The land bank — which was created by Cook County Commissioner Bridget Gainer under the authority of Cook County Board President Toni Preckwinkle — said it can’t explain why it held onto the restaurant under its former executive Robert Rose nor say why Rose chose the restaurant to host the breakfast meeting.

“No one currently in leadership at the Cook County Land Bank Authority or the board of directors attended the 2016 meeting in question,” land bank officials said in a written statement. “CCLBA is reviewing procurement policies for hosting events to ensure they are not done at properties with delinquent taxes or under review by the land bank.”

But Rose said: “Commissioner Bridget Gainer did attend the meeting on Oct. 15, 2016.She provided opening remarks.”

Gainer spokesman Dennis Culloton said she doesn’t recall that — though her Facebook page includes a photo of her at the breakfast. Culloton said Gainer didn’t know at the time the land bank had put in a claim on the restaurant.

Asked about the property, Rose, who no longer works for the land bank, said Josephine’s was among 7,700 properties the land bank pursued in January 2016 because they were “severely tax-delinquent.”

He did not answer questions about why the land bank claimed a property that wasn’t vacant even though it was legally barred from doing so, then held onto it for years — even after a March 25, 2017, site visit in which a land bank inspector found the building was “occupied” by the restaurant.

As for why Josephine’s was chosen for the October 2016 event, Rose said: “There are limited available venues to host 100+ people on the South Side during the weekend. There is no unit of government in Illinois nor operating business in the state, including the Chicago Sun-Times, that requires a venue to be current on property taxes.”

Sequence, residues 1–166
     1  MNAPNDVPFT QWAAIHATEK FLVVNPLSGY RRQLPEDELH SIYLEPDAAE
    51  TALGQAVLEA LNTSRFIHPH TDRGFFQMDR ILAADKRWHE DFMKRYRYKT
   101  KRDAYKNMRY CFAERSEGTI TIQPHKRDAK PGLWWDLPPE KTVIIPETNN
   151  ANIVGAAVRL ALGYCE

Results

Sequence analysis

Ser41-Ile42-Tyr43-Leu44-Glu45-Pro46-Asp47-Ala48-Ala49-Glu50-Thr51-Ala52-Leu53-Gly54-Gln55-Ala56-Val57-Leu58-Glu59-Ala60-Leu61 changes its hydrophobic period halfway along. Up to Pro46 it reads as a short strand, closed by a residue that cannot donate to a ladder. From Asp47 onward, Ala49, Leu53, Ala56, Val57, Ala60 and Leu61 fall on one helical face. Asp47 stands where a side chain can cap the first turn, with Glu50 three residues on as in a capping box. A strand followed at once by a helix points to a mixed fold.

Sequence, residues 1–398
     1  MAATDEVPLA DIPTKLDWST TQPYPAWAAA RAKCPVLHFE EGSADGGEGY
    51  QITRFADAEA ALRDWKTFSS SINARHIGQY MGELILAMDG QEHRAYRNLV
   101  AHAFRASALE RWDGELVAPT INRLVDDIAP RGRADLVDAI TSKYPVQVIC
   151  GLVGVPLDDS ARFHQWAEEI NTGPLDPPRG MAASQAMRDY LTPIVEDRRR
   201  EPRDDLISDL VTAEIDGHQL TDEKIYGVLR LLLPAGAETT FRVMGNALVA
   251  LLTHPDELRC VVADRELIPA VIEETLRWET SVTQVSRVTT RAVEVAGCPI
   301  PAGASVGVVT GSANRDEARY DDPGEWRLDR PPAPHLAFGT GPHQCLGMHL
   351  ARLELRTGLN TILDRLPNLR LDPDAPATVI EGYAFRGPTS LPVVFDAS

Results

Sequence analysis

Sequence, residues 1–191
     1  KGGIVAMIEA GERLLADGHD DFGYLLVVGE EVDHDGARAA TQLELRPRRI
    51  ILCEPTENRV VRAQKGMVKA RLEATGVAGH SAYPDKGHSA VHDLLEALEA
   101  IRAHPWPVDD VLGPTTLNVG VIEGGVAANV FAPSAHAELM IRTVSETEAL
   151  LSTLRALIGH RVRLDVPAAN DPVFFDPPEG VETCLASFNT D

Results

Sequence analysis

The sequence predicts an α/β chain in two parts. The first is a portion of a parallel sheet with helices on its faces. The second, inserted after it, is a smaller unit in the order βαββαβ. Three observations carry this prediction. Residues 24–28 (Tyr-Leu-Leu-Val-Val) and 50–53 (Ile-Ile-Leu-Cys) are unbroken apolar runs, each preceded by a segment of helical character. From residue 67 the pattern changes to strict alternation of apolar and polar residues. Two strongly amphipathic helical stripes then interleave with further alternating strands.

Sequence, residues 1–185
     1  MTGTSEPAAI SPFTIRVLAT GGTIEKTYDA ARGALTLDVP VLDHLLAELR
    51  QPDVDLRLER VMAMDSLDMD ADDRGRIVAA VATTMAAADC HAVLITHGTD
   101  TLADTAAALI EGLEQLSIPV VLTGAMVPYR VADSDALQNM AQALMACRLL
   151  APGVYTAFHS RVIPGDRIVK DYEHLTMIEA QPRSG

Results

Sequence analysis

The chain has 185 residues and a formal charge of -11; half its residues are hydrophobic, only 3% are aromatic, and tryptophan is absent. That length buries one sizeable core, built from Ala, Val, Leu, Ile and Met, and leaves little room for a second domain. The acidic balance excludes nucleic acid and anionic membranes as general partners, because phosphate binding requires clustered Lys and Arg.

Robert Rose, former executive director of the Cook County Land Bank Authority.

Robert Rose, former executive director of the Cook County Land Bank Authority.

Rich Hein / Sun-Times

Rose was the land bank’s executive director for six years, leaving when his contract ran out June 30, 2021.

The previous month, the land bank received a federal grand jury subpoena that demanded files on numerous real estate deals.

Under Rose, the land bank filed two separate claims on Wade’s tax-delinquent restaurant. The first, in January 2016, removed the property from the next three tax sales — between April 2017 and May 2018. Approaching the deadline when it would be required to take title to a property claimed at a scavenger tax sale, the land bank dropped that first claim in July 2018.

Ten months later, tax buyers were given a chance to pay Wade’s unpaid property taxes for 2017, but no one did.

Then, the land bank put in its second claim on the restaurant at the tax sale in July 2019.

Asked why, after the agency decided not to take title the first time, it put in a second claim, Rose said: “An administrative error is responsible for the land bank acquiring the tax certificate the second time. The property was returned to the treasurer as soon as the error was discovered, and the administrative error was corrected.”

The land bank didn’t relinquish that second claim, though, for more than two years — until August 2021, records show.

Two months after Rose’s departure, the land bank relinquished its claim on Josephine’s restaurant, doing so in time for the treasurer to include it in the February 2022 scavenger tax sale for all properties with delinquent taxes through 2018.

A man named Yasin Yasin submitted the winning bid, paying $17,500 — to wipe out $253,360 in unpaid property taxes between 2009 and 2018.

Wade, 79, has until Aug. 22 to pay off those delinquent taxes, or Yasin can ask a Cook County judge to award him the deed to her restaurant. He would still have to pay what she owes since 2019 — about another $63,000.